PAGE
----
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ďShock therapyĒ reforms under the leadership of Gaidar lasted for about a year: in December 1992 Yeltsin sacrificed him as a concession to the demands of the Supreme Soviet and replaced him with Victor Chernomyrdin (b. 1938) as head of the government. Chernomyrdinís government admitted that the Russian economy was in shambles and that something needed to be done to stop the sharp decline in industrial production. However, Gaidarís basic monetarist approach, with its emphasis on strengthening the rouble, on financial stabilization, and on the fight against inflation, was retained.  

 
Boris Yeltsin and Victor Chernomyrdin

Having said that the previous economic policy had been seriously flawed, Chernomyrdinís government was unable to offer an alternative to Gaidarís course and to change the balance of negative and positive effects of the capitalist modernization.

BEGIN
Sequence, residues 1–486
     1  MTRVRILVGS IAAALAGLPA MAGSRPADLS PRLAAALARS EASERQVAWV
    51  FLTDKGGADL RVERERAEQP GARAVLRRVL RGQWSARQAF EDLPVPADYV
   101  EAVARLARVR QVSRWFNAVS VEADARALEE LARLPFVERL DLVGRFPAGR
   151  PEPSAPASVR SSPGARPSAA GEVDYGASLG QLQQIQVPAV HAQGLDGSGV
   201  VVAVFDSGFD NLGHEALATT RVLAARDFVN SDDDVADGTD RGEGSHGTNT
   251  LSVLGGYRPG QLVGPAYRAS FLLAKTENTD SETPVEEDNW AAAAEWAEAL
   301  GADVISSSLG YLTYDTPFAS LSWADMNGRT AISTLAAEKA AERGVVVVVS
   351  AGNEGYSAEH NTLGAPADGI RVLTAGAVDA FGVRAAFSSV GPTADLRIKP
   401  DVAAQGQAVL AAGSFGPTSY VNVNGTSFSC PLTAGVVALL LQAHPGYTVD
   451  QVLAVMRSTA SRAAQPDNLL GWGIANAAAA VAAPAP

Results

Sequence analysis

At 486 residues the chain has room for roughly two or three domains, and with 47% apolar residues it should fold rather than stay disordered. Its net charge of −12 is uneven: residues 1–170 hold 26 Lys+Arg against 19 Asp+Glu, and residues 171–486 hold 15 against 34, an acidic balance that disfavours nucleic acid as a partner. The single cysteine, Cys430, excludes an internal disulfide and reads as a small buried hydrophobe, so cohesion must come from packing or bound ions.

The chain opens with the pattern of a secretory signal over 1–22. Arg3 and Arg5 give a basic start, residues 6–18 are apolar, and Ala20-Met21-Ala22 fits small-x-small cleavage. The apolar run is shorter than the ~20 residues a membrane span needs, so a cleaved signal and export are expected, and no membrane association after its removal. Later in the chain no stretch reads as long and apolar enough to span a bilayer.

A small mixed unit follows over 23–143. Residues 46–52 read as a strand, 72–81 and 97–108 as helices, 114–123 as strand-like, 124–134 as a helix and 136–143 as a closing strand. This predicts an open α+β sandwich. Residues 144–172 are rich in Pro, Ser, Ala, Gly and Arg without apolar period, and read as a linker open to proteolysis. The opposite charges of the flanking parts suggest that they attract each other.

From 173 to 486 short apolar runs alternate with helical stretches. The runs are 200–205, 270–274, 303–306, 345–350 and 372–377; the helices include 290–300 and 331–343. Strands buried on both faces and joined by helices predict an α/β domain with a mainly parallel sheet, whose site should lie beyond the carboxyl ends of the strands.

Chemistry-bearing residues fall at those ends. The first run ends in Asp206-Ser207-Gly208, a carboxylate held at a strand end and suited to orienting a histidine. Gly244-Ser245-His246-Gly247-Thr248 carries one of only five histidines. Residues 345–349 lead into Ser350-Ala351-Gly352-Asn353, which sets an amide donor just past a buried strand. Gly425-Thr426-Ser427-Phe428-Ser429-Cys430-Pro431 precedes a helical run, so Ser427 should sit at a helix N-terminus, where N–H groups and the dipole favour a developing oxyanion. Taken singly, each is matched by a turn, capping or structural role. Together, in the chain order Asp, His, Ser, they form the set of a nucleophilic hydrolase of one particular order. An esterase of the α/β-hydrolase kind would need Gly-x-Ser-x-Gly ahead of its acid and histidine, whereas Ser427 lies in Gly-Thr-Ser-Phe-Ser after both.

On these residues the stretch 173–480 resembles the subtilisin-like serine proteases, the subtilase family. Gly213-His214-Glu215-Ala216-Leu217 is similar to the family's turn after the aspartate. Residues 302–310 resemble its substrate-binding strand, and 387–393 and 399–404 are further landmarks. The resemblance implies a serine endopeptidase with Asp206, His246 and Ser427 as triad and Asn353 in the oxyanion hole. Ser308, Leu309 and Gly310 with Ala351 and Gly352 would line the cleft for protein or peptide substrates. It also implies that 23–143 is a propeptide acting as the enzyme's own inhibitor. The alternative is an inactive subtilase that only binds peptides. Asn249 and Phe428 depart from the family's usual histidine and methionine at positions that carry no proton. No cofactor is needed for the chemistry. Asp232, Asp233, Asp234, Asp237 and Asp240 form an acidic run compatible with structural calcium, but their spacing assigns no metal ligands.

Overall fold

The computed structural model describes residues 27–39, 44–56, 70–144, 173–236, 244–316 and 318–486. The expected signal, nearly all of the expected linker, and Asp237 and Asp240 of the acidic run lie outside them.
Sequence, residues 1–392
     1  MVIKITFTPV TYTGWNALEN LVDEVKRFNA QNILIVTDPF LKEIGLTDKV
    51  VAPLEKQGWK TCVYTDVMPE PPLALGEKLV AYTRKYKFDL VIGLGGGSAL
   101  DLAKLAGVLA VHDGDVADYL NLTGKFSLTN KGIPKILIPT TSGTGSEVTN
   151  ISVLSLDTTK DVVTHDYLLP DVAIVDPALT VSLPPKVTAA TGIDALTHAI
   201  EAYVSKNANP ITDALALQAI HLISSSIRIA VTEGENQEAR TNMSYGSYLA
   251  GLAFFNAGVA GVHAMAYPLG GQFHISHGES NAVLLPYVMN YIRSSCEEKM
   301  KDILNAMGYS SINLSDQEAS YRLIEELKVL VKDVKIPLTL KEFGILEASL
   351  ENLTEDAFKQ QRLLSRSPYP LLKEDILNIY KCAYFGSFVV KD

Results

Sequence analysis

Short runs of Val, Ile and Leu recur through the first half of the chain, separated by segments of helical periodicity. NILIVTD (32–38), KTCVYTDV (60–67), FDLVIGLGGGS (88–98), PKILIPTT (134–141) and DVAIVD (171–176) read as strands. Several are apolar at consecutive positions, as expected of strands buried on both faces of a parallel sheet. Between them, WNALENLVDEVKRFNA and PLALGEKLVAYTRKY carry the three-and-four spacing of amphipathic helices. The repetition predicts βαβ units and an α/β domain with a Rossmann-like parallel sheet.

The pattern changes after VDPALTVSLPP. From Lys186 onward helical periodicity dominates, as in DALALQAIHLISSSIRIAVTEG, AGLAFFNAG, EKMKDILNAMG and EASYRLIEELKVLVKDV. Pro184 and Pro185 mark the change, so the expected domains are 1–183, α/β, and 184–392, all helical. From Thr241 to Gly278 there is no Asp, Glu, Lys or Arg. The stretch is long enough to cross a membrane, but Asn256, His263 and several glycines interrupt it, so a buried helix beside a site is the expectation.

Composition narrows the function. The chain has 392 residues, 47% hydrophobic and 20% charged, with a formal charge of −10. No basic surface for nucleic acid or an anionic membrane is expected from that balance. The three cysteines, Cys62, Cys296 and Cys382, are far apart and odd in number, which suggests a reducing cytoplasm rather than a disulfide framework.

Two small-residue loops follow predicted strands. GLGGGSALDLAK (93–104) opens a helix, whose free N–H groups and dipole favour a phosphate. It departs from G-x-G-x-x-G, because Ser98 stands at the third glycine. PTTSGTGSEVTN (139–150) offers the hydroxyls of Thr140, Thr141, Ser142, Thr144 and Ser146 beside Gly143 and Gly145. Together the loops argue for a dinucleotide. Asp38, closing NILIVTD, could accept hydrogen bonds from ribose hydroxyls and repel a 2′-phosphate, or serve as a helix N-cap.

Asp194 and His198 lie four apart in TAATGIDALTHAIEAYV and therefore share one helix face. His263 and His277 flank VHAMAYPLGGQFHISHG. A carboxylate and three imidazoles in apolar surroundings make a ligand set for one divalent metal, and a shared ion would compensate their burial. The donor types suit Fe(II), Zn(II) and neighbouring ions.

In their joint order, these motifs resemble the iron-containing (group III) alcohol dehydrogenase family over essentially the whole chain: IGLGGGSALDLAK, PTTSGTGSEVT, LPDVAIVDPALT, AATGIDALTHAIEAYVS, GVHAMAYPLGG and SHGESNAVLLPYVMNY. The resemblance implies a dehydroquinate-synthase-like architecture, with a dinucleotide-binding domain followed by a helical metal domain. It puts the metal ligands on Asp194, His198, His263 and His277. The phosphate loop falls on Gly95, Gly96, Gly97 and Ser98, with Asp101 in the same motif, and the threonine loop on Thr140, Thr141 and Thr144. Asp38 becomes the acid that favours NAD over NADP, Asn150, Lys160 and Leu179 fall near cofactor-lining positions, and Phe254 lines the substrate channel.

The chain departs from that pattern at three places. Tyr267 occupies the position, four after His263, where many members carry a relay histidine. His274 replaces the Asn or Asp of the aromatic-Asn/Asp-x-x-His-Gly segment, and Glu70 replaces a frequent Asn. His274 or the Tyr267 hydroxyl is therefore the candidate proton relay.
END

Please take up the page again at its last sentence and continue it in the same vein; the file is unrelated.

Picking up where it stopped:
Under Chernomyrdinís government, industrial and agricultural output continued to fall. The lack of investment resulted in a primitivization of industrial production and a return to outdated technologies. The acute underfunding dealt a crushing blow to education, science, culture, health care, and other spheres vital to the functioning of a modern society. The structures of the welfare state created under communism were crumbling. The Russian population was rapidly polarized into the poor and the rich. A sharp deterioration in the standards of living led to a significant decline in the birthrate: for an average family to have a baby became a luxury it could no longer afford.

Millions of workers and intellectuals felt uncertain about their future and feared losing their jobs because of the continuing deindustrialization and sharp contraction of the educational, cultural, and academic establishments. By 1994 the number of fully or partially unemployed exceeded ten million Ė nearly 14 percent of Russiaís entire working population.

The mounting socioeconomic problems and the hardships imposed by the reforms were the social cost of the radical transformation. The price for most citizens was exorbitantly high and directly affected the behavior of voters during the 1993, 1995, and 1999 parliamentary elections and the 1996 and 2000 presidential elections.

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